It’s a long way from San Francisco to the Navajo Nation, both in miles and culture.
As a young woman living in California, Brenda Beck met and married a young Navajo Medicine Man. They spent time traveling between their different cultures and Brenda took part in and was trained to perform some ceremonies.
One of her teachers was her husband’s uncle, Dudley Yazzie, who turned the page on 100 years this summer. Yazzie is a revered Medicine Man known by most of the healers on the Navajo Nation. He is a man who has seen the Navajo people and the nation go through many changes.
When Brenda and her husband divorced, they and his family remained close. Their daughter was raised with an appreciation of both cultures and her Kinaaldá (Coming of Age Ceremony) was chronicled in a book written by Brenda.
When Brenda married Tom Wohlmut, an award-winning documentary filmmaker, and moved to Santa Fe, an idea was born. They decided, after talking with Dudley and others, to start the Diné Elders Project, which would focus on making video recordings of Dudley and other Navajo Elders to preserve their stories and the traditional Ceremonies of the Navajo.
For those of you who are fans of Tony and Anne Hillerman’s books, you know that Navajo ceremonies are not written down. They are passed from Medicine Man to Medicine Man (and Medicine Women).
Over the years, many of the stories and ceremonies have been lost. Back in the early part of this century, Hosteen Klah, a Navajo Medicine Man, decided to create Navajo rugs depicting Ceremonial Sand Paintings. He performed special protection ceremonies for himself and his sisters as these designs were not supposed to be created in permanent form. Today, most of them are in the Wheelwright Museum of Navajo Ceremonial Art in Santa Fe. They are available to scholars and Medicine Men for study. Had Klah not done this, they would likely have been lost in time.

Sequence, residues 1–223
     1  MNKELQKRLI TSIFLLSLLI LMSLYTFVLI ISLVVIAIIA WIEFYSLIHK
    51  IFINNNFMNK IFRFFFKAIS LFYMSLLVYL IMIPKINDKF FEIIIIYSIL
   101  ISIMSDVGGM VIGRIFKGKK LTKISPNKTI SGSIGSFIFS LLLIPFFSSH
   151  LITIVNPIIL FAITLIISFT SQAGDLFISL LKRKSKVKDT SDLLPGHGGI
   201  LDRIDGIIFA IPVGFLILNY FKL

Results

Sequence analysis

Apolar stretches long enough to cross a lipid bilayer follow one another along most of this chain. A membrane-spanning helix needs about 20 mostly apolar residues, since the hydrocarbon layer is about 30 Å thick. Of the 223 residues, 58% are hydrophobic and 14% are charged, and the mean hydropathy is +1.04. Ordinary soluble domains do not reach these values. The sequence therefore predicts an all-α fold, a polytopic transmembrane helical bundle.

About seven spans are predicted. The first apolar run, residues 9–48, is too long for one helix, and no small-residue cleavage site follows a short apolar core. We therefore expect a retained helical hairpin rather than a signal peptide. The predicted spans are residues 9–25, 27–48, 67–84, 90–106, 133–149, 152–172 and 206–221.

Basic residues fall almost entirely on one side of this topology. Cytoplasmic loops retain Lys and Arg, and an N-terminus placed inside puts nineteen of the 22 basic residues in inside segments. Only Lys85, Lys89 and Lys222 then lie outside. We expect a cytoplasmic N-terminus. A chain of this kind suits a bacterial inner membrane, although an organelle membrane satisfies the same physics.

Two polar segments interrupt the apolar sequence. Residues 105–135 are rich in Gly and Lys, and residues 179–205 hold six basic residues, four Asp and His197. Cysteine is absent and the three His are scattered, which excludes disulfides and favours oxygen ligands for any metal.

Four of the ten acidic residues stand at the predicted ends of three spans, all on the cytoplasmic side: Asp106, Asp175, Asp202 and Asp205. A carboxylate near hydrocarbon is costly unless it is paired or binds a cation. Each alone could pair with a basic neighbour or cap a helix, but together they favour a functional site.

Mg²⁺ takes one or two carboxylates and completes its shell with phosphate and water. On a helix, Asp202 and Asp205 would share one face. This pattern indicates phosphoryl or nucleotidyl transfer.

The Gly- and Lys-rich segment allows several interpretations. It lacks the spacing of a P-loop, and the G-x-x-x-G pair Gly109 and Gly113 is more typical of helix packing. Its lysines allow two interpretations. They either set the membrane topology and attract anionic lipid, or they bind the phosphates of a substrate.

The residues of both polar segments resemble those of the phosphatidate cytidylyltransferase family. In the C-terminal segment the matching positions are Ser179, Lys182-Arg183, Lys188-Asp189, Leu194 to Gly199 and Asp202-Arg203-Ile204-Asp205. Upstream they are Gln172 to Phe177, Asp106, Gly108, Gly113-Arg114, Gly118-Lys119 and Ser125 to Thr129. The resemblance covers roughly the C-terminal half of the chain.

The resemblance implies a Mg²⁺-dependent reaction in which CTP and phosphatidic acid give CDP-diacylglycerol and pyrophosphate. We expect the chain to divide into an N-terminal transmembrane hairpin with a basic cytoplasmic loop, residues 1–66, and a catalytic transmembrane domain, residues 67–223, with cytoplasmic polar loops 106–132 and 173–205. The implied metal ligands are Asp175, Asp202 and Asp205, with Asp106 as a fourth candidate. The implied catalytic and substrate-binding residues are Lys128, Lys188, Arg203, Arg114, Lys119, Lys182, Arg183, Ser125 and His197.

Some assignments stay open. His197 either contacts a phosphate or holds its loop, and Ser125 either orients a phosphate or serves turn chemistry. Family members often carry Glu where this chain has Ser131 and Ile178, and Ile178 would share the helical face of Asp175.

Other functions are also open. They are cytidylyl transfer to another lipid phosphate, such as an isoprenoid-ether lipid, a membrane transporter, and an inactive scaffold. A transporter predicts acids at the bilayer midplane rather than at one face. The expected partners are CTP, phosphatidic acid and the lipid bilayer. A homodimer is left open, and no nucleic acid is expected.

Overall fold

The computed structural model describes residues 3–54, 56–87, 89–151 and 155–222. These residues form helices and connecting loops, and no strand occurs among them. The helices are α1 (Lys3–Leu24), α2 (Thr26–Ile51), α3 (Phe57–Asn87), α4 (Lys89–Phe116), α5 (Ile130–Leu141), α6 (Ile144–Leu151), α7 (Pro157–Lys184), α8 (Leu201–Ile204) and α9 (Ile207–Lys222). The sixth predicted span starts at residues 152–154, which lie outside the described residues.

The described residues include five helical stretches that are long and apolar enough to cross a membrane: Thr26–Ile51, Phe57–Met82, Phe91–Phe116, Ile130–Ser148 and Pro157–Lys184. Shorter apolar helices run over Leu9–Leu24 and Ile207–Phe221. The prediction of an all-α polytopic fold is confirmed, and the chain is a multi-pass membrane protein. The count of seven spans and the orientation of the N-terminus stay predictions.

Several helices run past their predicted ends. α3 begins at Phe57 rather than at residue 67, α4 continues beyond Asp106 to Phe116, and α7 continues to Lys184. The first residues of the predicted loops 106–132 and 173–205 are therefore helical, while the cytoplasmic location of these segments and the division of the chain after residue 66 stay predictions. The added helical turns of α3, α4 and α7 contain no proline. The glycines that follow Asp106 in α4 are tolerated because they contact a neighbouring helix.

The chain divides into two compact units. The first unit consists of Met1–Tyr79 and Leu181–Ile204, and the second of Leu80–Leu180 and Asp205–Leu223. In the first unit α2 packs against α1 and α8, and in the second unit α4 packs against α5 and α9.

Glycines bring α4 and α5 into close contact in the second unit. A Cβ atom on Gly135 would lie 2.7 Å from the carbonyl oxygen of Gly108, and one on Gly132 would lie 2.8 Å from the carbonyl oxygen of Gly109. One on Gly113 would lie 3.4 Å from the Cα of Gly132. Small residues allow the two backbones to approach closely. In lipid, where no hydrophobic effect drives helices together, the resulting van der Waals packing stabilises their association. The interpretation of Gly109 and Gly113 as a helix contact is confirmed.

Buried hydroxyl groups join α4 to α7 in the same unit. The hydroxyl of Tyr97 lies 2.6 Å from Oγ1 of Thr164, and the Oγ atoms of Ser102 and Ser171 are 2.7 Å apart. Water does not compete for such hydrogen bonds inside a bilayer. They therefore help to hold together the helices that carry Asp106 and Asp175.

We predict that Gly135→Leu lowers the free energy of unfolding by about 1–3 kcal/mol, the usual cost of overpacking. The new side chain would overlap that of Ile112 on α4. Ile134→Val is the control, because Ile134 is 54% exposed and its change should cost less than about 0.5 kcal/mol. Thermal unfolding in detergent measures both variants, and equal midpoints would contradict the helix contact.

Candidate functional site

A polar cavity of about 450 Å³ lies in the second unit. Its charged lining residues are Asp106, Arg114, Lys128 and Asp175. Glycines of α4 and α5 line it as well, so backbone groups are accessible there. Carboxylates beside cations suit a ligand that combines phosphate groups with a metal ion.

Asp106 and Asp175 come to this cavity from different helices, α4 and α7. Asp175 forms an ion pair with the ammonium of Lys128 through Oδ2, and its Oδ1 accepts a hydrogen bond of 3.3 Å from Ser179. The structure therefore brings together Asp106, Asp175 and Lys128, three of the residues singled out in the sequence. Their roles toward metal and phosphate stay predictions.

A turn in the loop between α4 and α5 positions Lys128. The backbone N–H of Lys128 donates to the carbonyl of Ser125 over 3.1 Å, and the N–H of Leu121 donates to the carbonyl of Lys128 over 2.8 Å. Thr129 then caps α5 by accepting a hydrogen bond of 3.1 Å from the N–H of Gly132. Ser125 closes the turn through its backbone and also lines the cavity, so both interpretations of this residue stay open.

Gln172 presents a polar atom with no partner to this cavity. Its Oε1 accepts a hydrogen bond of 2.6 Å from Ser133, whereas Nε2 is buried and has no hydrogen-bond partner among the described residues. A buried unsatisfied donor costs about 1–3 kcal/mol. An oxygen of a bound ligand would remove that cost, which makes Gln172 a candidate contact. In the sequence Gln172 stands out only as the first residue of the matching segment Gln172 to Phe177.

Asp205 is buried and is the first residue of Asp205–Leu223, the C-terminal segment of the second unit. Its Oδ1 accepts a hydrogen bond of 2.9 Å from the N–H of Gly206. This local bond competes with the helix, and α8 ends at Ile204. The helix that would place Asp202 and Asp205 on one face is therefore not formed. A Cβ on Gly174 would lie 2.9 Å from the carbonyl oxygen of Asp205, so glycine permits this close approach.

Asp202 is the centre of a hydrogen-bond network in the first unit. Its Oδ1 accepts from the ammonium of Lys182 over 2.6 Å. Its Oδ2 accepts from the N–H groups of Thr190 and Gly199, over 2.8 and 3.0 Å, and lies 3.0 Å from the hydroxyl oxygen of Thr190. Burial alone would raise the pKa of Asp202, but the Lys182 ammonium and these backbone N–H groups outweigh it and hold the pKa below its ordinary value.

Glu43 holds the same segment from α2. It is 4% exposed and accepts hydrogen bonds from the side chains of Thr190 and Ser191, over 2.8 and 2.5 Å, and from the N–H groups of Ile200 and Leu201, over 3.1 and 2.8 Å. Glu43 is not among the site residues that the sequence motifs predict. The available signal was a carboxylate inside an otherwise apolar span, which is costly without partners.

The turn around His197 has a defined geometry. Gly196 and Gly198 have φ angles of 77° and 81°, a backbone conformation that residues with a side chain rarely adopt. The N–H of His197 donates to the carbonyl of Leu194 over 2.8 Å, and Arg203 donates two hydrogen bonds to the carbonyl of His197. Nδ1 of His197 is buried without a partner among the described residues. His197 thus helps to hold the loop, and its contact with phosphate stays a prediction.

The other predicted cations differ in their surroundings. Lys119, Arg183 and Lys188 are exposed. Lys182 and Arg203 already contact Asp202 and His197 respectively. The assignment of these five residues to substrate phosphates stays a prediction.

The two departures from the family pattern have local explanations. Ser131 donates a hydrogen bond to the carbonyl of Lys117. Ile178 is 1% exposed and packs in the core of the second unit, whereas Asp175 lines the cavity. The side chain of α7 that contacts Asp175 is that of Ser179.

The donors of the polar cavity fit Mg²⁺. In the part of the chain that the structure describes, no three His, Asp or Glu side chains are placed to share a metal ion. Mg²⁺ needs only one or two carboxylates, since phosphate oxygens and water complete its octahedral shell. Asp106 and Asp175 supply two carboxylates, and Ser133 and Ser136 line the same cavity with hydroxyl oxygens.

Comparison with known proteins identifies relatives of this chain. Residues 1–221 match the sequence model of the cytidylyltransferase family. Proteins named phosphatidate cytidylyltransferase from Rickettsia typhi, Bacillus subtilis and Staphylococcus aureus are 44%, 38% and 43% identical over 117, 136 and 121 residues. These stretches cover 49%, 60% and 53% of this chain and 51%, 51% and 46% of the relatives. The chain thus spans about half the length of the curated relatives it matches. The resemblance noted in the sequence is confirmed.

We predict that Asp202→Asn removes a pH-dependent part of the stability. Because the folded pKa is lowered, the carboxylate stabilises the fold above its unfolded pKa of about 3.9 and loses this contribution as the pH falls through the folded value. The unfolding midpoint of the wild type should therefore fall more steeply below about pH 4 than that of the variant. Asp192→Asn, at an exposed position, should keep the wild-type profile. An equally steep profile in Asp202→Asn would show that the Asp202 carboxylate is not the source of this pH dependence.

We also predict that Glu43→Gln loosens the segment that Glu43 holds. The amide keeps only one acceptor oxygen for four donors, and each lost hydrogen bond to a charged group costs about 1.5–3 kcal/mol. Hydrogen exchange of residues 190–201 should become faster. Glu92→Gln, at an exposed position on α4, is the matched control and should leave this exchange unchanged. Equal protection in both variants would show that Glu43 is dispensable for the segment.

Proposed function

Dudley Yazzie feels the same way about recording the stories and the ceremonies that he knows.
During the pandemic, Brenda and Tom rented a motor home and traveled to the reservation to record Dudley. They made hours of wonderful videos and, watching the recording process, his relatives shared that he told stories of the Navajo people they had never heard. This is the beginning of an archive that can be shared with the world to preserve the history and culture of the Navajo people.
I was asked to be on the advisory board of the project and, realizing I have no advice to give, I feel that the best way I can help is to spread the word about this project. It is going to take quite a bit of money to complete it. It will be ongoing and may never be totally finished! For Tom and Brenda, this is a work of love and respect. It is not the kind of project that ever makes any money.
Please don’t miss watching this video of one of the first recordings with Dudley and if you feel this is something you would like to support, Brenda and Tom appreciate your help! This project is supported by the New Mexico Film Foundation.